One Way To Improve Environmental Journalism: Confront The Obvious, Over & Over Again

seatbelt image

Seatbelt use promotion. Image credit:The IdiotReport

If I had a dollar for every time some journalism 'expert' was quoted in a story about what's wrong with climate coverage I could afford a subscription to the New York Times. Dealing with complexity and big science words always come up in these reports. For me, the biggest and most common issue has been ignoring the obvious. (It's true that many experienced writers are laid off and those remaining are demoralized. But, curiosity ought to enliven the kittens enough to have them pawing at the obvious.)

Illustration: Utah gets almost all (93%) of its electricity from coal burning, yet a local news story concludes, not having referred to the weight of this evidence, that very high mercury levels measured in Utah's Great Salt Lake come from - everywhere. "The studies suggest the source is industry all over the world, similar to what lands on lakes everywhere." Right. It hardly matters whether the cited researchers, in their scientific report, accounted for Utah's high coal dependence. It's the news writer's (and blogger's) job to ask about and report on something that obvious - so readers will not discount the entire issue as unresolved and not worth paying attention to. This is the key point. A debate that ignores the obvious gets people to tune it out and answer polls dismissively.

This happens all the time.
Overlooking the obvious is exactly what reporters did in publishing so many amateurish claims, this winter, that a few weeks of cold weather on the East Coast proved that 'global warming is a fraud.' A regional weather pattern does not indicate global climate - simplistically, climate is the average of all weather - yet time after time, such narrow minded expression went unchallenged in reporting all over the world.

The opposite of ignoring the obvious is just as bad.
By now there have been so many postings and news reports on toxicity of Bisphenol-A that I'll bet a majority of people are assuming it just needs to be "banned' from general use. That would be wrong. BPA presents a danger only when ingested - mostly via indirect food contact from containers and such. Most BPA ends up in applications where there is no chance whatsoever of ingestion. End of story. This is the Big Obvious news that everyone over looks.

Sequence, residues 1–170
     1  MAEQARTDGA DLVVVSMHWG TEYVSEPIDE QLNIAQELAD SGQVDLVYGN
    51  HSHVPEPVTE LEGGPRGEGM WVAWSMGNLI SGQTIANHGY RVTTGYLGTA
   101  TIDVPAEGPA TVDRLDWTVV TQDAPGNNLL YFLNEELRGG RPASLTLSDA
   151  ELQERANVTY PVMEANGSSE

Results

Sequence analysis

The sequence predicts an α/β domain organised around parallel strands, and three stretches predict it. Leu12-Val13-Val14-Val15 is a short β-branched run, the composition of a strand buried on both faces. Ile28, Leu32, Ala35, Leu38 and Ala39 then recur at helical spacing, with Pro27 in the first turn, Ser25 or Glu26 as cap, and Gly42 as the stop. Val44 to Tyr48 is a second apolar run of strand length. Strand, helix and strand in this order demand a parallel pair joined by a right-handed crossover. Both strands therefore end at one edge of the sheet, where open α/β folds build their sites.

These examples remind me of reporting that occurred during the years when mandatory seat belt usage was first proposed in US states. Media reports obsessed on claims made about some guy's brother in law or whomever else they could drum up. 'They were only alive long enough to make Congressional testimony because when their car went into a lake they were able to escape the wreck as they were not wearing seat belts.' The only things perhaps more ridiculous were the claims frequently made by auto makers, back in the early 70's, that mandating seat belt installation would bankrupt manufacturers and take away jobs. Sounds familiar doesn't it?

Eventually somebody figured out the Big Obvious: crashes were far more costly to society than seat belts.

By then, unfortunately, the guy in the lake story was a meme, and remains the perfect libertarian sucker bait.

Solution: confront the obvious early on, and repeat frequently.

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